However, there’s no guarantee Kuhn will be on the roster come September.
Among the Packers’ three sixth-round picks on Saturday was Oklahoma fullback Aaron Ripkowski at No. 206 overall. Considering Kuhn did not receive a signing bonus, they could be battling for one spot on the roster.
Their final selection of the day, a seventh-rounder, was sent to New England in order to move up in the fifth for UCLA quarterback Brett Hundley.
Ripkowski, who had a predraft visit with Green Bay, started 17 games during his Sooners career – including nine as a senior, when he won all-Big 12 accolades. He was an excellent lead blocker on one of the top rushing offense in the nation. All six career receptions came as a senior.
“We like what we saw on tape,” general manager Ted Thompson said. “He had a good pro day so that was encouraging. We brought him in for a visit. A very sharp young man. He plays, like we mention, he played on special teams there and everything.”
Ripkowski (6-1, 238) ran in 4.70 at the Sooners’ pro day. Thompson thought he could be an effective blocker at that weight.
“We thought he was a pretty functional blocker, a square guy that stays on his feet,” Thompson said. “We think he can be an effective player in the role we’re going to try to use him.”
Added coach Mike McCarthy: “I think Aaron is an excellent fit. A fullback, a four-core player on special teams. He pulls it up in there. And I think having him and having John Kuhn and especially with John’s experience and Sam Gash, I think he’s an excellent addition also.” As a senior, Ringo finished 12th in the nation in sacks with 11.5 and seventh in the nation with 20 tackles for losses. Those numbers are first and tied for first in school history. Of his 45 tackles, 38 were solos. He added two fumble recoveries, including one he returned for a touchdown against Texas State. He had at least one sack in five of the eight conference games en route to a league-high 9.5 in Sun Belt play.
“The thing that jumps out at you with Christian Ringo is 11 sacks,” McCarthy said. “I don’t like to compare people because I think it’s unfair but Mike Daniels’ name was thrown around and that’s obviously a comparison that you definitely would love to have as a young player.”
Relayed that comment, Ringo said, “I’ve never seen him in action. But I will be Googling him.”
Ringo was 6-1, 293 at pro day with a 4.97 in the 40 and 28 reps on the bench. He played in a 3-4 and 4-3 scheme.
Backman led the Blazers with 39 receptions and finished second with 399 yards and three touchdowns. He was the team’s primary tight end all four seasons and finished with 91 catches for 979 yards and nine scores.
“I have traces of Vernon Davis,” Backman said. “A lot of people don’t know that I do block and I know a lot of people question that. I’ve blocked plenty I have no trouble with that. I’m just ready to get in and get going.”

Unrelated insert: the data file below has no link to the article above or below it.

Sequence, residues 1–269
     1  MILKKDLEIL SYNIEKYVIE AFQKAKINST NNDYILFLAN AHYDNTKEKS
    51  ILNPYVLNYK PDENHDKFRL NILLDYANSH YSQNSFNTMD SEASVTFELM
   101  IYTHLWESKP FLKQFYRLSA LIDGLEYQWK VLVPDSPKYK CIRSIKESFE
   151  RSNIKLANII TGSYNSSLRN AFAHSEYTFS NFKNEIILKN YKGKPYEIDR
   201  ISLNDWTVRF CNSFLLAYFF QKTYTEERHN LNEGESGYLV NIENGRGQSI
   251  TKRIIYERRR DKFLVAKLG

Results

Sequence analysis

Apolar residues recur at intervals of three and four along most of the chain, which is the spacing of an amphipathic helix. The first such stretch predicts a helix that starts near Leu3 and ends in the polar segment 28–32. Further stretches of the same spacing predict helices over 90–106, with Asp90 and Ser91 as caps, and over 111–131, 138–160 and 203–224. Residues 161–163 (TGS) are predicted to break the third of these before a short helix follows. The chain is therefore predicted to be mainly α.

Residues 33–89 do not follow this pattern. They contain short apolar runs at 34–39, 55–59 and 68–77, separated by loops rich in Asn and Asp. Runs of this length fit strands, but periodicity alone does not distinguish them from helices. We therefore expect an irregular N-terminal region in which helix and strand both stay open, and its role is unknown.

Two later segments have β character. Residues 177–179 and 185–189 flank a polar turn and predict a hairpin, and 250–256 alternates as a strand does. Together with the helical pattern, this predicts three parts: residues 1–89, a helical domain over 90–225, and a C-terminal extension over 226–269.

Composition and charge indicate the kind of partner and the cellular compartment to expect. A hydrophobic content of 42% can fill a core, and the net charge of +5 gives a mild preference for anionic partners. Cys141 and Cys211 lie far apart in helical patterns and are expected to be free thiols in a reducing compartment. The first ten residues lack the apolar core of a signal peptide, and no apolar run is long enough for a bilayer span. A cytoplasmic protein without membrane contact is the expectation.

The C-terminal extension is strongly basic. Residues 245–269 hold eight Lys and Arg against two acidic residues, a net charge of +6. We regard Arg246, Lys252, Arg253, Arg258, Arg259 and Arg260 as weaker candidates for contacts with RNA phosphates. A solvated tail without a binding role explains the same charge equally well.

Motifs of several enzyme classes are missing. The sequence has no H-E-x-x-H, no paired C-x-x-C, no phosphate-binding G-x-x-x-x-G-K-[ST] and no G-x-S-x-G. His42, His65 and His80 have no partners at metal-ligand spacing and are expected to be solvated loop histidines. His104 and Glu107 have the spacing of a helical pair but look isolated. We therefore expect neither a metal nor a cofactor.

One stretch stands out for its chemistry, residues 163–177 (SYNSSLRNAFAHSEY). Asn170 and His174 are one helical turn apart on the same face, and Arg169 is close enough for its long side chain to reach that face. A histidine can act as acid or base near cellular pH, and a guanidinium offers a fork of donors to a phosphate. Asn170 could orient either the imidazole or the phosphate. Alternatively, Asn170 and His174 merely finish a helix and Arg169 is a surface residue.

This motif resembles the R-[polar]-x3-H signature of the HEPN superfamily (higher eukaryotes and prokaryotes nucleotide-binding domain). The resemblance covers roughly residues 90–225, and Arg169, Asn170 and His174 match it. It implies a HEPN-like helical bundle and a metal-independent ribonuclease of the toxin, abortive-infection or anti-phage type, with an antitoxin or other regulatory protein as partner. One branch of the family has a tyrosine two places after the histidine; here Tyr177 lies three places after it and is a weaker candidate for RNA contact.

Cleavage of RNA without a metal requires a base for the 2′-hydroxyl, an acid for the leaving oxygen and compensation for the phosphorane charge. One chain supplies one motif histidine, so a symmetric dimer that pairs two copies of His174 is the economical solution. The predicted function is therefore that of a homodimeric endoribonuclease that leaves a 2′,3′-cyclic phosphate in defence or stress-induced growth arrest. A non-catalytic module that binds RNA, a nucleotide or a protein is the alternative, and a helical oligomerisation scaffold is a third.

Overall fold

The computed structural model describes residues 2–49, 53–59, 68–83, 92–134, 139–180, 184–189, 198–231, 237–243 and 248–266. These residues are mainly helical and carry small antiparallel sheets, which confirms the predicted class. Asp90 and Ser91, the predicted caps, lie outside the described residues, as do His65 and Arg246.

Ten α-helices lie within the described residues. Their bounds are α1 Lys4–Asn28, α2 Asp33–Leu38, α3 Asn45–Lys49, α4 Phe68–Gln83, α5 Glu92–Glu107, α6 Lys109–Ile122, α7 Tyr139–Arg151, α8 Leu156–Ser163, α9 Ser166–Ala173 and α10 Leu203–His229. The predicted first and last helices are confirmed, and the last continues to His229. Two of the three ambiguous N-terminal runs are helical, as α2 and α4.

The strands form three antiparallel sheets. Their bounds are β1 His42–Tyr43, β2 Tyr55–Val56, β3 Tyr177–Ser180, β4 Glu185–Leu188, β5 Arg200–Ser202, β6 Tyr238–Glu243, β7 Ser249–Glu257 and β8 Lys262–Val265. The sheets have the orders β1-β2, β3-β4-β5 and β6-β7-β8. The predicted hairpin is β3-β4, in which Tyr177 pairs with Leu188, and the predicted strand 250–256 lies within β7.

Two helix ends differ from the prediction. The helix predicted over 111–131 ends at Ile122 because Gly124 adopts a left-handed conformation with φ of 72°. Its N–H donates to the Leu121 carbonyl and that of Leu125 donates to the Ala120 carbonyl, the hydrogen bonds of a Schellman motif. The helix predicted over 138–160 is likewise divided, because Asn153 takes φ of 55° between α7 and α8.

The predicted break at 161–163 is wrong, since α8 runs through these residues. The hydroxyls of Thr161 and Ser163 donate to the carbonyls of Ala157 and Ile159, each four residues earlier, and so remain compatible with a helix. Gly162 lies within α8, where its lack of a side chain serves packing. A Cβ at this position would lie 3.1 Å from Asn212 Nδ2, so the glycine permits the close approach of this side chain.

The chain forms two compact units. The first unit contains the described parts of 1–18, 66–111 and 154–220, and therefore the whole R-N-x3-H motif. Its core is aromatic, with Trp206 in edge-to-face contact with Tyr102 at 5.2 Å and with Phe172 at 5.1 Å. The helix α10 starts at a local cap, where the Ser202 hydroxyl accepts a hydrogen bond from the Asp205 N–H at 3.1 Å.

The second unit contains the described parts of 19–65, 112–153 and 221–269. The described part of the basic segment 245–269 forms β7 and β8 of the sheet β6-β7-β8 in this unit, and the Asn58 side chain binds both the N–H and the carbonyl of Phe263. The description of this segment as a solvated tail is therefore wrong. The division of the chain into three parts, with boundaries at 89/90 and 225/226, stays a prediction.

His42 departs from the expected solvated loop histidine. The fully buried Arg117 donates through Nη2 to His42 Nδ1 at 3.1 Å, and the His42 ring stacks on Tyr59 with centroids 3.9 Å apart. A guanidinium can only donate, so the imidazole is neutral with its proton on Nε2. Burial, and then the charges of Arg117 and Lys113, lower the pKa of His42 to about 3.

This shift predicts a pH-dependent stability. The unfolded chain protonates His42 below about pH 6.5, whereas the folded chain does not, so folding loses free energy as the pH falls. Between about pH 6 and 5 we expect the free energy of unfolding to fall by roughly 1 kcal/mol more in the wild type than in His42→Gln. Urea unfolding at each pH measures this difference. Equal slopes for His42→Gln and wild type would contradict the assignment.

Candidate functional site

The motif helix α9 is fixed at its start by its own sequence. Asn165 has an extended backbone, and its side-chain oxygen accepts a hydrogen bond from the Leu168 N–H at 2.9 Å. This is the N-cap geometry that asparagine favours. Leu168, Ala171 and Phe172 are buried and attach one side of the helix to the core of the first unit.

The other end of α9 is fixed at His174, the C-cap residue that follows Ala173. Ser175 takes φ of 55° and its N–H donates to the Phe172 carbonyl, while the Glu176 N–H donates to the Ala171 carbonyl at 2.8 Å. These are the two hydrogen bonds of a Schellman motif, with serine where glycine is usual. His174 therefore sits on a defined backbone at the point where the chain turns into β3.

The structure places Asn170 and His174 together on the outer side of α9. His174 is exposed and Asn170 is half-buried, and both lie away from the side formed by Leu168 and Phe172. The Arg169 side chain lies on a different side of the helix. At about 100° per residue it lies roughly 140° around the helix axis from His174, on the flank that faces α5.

Backman (6-3, 243) ran in 4.66 with a 35.5-inch vertical at UAB’s pro day. He played as a traditional tight end, split out and as an H-back, so that versatility fits what the Packers like to do with their tight ends.
“Athletic. I liked the fact that he sticks his face in there, too. So I think he definitely has the ability to play both displaced and in on the line,” McCarthy said.
Backman will be a footnote in history as the last player from UAB to be drafted. The school announced during the season that it was dropping the football program.
“It was crazy,” he said. “I’ve never seen so many grown men cry in one room. It was a lot of emotions flying around. From our older cats from our younger guys. Coaches. It was all kinds of depression but I’ve just been trying to think of it as a blessing in disguise. I’ve just been trying to think positive about it.”
The following is from our story on Ripkowski's predraft visit with the team.
Before games, Aaron Ripkowski paints his face black.
Mom doesn’t like it.
“Oh, no, she hates it,” Ripkowski said. “She wants to see my face. She hates when I cover it up. You know how mothers are.”
The guys he’s blocking probably hate it, too, as they grow weary of facing the hard-charging, 238-pound Oklahoma fullback snap after snap.
There’s no denying Ripkowski’s toughness. Physically, Ripkowski was the Big 12’s second-team fullback as a senior. Mentally, Ripkowski earned every snap, every start and every accolade that came his way at Oklahoma.
At Dayton (Texas) High School, he started at guard as a junior and linebacker as a senior. During the summer before his senior season, he attended an Oklahoma camp as a linebacker.
“I did some linebacker drills, because that’s what I played (in high school) was linebacker and defensive end, and they liked my footwork so they took us over to another field and had a few guys going head to head (as fullbacks) seeing who could push who around,” Ripkowski recalled. “That was a lot of fun and I guess I impressed them.”
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